Smokers will be faced with graphic pictures of blackened lungs, throat cancer and rotten teeth, as well as a ‘flaccid cigarette’. The images will replace the current written warnings which have been in place since January 2003.
The Department of Health is hopeful that the stark photographic warnings will be an even greater success than written ones. Figures suggest that since the introduction of health warnings, more than five years ago, over 90,000 smokers have been motivated to call the NHS smoking helpline.
Research has also shown that smokers are more likely to recognise the damage they are doing to themselves if they see a picture.
Sir Liam Donaldson, chief medical officer for England, said he was confident that the new warnings will help even more people quit their deadly habit. ‘These new stark pictures warnings emphasise the harsh realities of continuing to smoke,’ he said.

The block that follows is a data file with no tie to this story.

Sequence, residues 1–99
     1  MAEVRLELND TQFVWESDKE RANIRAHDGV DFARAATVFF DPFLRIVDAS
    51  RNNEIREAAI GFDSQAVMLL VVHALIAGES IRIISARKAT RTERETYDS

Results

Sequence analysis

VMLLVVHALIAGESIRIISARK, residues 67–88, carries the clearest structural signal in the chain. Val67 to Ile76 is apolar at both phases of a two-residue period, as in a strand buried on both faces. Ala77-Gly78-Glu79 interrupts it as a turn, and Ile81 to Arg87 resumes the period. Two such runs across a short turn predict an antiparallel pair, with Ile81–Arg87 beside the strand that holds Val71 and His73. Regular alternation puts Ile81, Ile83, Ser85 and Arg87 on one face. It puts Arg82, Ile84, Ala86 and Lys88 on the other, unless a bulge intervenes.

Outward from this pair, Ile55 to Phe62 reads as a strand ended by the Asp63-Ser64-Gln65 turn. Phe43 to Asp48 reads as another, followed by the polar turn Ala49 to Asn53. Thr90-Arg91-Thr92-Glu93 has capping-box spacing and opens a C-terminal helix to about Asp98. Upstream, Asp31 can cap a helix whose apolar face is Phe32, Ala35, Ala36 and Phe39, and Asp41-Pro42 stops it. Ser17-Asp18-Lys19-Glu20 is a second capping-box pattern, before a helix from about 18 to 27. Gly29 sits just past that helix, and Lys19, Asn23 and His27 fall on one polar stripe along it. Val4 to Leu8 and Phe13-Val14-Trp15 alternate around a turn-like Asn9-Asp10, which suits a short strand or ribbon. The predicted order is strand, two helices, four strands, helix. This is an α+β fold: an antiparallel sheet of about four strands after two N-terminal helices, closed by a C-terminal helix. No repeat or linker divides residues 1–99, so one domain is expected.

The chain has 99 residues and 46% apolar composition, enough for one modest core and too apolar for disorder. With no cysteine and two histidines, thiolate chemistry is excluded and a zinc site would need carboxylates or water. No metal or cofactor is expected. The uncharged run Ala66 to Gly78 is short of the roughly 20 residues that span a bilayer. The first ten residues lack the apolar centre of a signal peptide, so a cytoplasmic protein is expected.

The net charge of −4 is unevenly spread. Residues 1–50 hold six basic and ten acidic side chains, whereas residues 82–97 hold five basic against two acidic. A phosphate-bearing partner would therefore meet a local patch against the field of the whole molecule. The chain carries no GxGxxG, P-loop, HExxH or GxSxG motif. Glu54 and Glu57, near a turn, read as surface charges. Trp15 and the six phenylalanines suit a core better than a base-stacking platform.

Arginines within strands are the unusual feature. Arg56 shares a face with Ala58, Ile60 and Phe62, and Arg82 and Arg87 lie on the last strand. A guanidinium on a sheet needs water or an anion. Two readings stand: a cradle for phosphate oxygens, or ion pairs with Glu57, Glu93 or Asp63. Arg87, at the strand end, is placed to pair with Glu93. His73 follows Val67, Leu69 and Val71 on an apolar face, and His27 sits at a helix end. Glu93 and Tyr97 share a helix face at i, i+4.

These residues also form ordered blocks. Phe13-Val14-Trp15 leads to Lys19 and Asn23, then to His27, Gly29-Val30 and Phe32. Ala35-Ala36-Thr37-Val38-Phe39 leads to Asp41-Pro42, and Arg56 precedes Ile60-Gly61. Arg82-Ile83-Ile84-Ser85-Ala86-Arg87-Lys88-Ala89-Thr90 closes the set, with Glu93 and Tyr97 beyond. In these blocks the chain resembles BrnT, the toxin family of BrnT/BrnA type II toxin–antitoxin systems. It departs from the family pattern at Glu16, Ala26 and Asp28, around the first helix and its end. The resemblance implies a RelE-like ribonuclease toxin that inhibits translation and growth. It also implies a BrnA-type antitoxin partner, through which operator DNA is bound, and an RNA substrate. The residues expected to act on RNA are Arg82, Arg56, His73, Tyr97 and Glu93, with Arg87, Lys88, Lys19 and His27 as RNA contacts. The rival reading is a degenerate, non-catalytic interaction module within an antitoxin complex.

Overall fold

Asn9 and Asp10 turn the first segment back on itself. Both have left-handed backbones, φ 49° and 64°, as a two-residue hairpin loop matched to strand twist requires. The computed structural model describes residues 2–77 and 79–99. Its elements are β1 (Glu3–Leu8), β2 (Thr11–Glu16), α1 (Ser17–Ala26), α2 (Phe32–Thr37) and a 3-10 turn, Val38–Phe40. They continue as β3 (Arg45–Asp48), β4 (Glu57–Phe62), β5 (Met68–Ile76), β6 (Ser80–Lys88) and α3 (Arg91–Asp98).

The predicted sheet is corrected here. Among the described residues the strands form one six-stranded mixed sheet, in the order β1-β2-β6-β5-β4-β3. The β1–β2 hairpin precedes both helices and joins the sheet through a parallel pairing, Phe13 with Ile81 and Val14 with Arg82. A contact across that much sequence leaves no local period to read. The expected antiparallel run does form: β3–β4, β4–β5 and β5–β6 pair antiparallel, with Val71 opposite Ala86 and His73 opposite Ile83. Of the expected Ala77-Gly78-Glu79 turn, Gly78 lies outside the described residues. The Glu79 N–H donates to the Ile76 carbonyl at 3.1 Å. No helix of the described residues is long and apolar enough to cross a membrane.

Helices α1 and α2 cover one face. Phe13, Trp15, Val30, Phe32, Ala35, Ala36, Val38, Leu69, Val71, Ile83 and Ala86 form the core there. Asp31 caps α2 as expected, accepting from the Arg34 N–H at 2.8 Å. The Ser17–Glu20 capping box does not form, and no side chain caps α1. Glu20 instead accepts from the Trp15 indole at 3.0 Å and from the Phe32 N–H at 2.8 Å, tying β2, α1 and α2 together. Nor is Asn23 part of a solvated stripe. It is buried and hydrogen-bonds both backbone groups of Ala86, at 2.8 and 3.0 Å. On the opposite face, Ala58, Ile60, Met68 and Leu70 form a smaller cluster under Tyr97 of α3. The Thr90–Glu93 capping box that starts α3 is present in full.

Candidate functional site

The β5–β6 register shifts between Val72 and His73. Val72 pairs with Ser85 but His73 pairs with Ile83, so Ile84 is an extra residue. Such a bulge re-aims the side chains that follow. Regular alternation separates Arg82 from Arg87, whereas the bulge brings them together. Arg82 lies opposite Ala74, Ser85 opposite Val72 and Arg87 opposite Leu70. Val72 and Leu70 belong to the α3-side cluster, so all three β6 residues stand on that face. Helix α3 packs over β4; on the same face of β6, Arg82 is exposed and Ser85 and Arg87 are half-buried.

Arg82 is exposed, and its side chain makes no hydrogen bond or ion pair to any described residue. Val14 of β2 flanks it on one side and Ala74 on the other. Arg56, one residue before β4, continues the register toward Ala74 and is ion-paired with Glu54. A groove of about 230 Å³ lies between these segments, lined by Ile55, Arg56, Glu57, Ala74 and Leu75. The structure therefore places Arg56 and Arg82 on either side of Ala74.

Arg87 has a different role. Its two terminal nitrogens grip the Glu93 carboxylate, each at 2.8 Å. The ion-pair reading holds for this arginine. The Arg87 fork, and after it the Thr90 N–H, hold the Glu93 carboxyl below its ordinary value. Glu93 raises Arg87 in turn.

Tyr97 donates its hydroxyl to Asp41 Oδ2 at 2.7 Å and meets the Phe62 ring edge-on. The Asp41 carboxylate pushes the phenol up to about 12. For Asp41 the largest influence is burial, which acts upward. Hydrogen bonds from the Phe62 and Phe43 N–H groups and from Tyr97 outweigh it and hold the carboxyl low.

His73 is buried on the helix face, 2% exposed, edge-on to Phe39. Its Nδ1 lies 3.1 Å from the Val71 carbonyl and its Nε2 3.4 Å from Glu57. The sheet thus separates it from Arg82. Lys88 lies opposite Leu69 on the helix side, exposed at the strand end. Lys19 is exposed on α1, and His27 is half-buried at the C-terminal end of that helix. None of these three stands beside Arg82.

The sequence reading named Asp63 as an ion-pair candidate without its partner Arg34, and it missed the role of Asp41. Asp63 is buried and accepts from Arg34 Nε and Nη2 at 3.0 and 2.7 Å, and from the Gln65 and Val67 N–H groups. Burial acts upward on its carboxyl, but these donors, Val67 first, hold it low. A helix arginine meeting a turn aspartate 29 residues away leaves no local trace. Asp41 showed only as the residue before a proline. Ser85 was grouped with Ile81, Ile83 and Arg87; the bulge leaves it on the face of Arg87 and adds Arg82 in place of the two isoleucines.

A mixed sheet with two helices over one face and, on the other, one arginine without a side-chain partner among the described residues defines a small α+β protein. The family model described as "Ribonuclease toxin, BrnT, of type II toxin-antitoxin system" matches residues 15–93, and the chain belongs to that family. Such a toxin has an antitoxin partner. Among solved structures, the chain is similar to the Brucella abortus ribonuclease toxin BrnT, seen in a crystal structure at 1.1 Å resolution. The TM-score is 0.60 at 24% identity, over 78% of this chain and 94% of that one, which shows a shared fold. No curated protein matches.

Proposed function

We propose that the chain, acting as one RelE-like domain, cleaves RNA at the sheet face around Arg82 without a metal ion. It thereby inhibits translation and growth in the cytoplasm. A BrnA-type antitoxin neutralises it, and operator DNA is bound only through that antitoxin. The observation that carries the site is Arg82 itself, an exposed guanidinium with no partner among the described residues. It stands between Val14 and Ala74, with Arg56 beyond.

‘This will help maintain the momentum of the increasing number of people who have given up smoking following England going smoke-free in 2007,’ he added.
Despite there being 1.9 million fewer smokers than in 1982, smoking is still the biggest killer in England – causing the premature death of over 82,000 people each year.